Last Updated: 2008-11-25 13:31:14 UTC
by Lenny Zeltser (Version: 3)
"People only see what they are prepared to see." -- Ralph Waldo Emerson
Maybe your system just got hacked. You don't know for sure yet, but you need to quickly qualify the potential incident. You also need to ask questions to make sense of the situation and determine how to proceed. It's easy to make mistakes in the heat of the moment; it's hard to find time to prepare in advance. Here are two cheat sheets that may help.
In each case, I link to the HTML version cheat sheet. That page includes the printable 1-page PDF version, and the Word version of the file you can edit for your needs.
Security Incident Survey Cheat Sheet for Server Administrators
This cheat sheet captures tips for examining a suspect server to decide whether to escalate for formal incident response. Its steps attempt to minimize the adverse effect that the initial survey will have on the system, to decrease the likelihood that the attacker's footprints will be inadvertently erased.
Initial Security Incident Questionnaire for Responders
This cheat sheet lists the questions the incident handler should consider asking when taking control of a qualified incident. It's too easy to forget an important question when trying to think on your feet.
How Else to Make Incident Response Less Stressful?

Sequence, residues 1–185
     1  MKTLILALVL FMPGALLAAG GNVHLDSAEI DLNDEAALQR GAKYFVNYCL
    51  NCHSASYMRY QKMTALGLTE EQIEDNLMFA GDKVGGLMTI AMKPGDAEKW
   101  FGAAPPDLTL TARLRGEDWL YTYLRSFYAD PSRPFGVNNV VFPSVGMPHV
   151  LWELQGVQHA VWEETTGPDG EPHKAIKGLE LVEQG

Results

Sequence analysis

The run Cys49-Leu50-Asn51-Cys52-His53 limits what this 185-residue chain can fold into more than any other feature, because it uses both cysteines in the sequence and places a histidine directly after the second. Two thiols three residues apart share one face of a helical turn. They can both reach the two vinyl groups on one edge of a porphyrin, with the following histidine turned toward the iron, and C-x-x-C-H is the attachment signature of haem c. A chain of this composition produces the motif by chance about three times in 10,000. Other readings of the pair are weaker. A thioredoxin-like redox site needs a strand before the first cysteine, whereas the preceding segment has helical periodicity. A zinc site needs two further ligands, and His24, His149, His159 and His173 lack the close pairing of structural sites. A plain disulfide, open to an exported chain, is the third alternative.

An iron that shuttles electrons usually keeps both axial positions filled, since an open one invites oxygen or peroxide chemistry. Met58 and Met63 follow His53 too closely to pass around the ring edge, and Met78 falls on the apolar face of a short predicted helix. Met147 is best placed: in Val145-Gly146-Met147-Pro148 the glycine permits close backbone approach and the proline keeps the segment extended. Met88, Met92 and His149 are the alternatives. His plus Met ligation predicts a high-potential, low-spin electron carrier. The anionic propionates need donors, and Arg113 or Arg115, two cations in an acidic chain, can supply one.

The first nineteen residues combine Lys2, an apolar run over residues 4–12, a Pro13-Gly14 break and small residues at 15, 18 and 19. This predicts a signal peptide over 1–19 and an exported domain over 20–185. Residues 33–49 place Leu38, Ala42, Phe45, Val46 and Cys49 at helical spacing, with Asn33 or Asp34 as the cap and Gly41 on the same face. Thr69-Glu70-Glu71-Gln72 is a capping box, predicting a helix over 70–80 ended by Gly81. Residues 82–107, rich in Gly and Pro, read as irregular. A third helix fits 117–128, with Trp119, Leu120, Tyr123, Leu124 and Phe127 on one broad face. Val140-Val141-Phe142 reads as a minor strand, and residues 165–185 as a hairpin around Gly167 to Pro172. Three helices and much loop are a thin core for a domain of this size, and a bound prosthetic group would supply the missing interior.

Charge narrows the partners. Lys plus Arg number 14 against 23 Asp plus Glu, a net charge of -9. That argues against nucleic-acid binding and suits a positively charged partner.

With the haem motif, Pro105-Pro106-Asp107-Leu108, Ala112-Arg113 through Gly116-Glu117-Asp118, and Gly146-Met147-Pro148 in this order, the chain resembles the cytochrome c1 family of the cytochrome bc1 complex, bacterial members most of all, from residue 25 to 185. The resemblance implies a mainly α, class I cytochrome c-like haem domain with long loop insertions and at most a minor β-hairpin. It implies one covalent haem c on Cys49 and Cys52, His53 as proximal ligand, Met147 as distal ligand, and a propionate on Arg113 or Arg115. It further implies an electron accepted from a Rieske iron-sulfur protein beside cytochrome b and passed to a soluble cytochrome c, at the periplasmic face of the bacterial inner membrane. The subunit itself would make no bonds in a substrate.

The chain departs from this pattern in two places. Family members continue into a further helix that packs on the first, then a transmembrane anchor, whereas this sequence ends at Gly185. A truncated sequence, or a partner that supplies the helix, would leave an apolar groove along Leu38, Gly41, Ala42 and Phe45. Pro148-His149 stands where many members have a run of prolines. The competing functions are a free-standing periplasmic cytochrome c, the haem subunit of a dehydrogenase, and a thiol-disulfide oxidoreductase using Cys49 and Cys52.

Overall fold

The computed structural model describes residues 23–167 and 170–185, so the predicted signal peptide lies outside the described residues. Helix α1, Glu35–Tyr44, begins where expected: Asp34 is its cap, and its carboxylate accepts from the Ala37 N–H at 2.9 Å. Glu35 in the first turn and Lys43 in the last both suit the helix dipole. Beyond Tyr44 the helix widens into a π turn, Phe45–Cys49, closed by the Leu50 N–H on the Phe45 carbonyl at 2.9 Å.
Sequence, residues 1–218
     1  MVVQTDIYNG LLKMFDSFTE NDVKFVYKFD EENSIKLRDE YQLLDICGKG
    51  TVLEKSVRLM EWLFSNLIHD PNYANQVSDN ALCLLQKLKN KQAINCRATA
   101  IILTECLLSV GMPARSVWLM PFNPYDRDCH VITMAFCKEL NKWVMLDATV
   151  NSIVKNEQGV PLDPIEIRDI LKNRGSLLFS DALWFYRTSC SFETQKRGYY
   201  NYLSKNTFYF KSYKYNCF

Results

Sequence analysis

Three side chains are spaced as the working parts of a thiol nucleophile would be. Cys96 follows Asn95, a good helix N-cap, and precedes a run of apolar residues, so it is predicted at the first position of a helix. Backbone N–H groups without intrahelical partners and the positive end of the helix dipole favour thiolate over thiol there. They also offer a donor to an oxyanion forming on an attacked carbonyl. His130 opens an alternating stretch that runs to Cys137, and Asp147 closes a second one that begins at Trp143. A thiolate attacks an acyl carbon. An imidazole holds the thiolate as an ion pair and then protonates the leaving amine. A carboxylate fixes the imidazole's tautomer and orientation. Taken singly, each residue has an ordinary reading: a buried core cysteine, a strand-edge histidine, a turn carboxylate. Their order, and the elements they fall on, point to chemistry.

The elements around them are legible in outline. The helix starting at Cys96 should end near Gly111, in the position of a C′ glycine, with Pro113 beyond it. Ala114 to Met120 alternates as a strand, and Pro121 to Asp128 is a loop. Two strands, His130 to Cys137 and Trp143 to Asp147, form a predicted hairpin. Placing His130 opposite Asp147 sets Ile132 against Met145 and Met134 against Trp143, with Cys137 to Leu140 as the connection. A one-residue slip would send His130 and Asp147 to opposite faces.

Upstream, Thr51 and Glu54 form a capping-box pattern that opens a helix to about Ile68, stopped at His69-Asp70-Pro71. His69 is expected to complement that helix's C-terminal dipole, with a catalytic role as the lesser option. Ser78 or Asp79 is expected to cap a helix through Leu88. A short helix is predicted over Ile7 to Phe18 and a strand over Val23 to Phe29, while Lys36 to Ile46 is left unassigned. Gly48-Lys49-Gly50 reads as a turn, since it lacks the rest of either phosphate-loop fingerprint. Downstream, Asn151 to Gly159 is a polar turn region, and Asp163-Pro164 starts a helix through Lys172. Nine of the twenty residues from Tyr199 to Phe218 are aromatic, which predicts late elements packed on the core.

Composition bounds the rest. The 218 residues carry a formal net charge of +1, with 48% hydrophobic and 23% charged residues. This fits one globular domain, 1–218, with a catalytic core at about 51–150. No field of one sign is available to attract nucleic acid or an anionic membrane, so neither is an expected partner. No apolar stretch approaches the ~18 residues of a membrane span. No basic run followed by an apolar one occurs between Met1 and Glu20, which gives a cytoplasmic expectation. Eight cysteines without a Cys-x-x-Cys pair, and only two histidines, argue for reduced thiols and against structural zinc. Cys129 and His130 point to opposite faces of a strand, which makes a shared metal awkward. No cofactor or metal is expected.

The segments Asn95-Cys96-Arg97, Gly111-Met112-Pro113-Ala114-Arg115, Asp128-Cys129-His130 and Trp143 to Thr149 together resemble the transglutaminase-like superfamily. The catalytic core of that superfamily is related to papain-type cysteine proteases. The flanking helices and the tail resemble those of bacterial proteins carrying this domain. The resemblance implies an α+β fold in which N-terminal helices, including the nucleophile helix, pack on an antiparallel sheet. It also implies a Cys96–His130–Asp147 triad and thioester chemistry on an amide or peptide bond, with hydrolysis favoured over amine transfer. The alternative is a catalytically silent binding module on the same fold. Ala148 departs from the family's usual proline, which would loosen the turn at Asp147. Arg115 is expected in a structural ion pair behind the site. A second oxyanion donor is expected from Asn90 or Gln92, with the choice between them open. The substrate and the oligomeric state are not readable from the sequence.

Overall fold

Thanks to everyone who already offered feedback on these cheat sheets. If you have suggestions for improving them, please let us know.
For additional tips on incident handling, see the summary of the suggestions we published in October. Yeah, I should have written this diary last month.
Update: ISC reader Tor Vigesdal shared the following tip for surveying a potentially compromised Windows server:
xcopy \\server\share$\*.* /S /L /H /D:mm-dd-yyyy | more
/L is "Displays files that would be copied."
/H is "Copies hidden and system files also."
"Use todays date to get a list of all files modified today. Run it remotely to avoid logging on to a system that doesn't feel right. If you proactively run the report daily you can compare with yesterday's file to identify file changes that are not 'normal'.
One could have hoped they allowed you to use %date% in the /D parameter, but that does not work for all of us. It fails if your regional date format is not identical to the US format."
Update: A related diary offers tips on responding to a DDoS incident.
Security Consulting - SAVVIS, Inc.
Lenny teaches a SANS course on analyzing malware.
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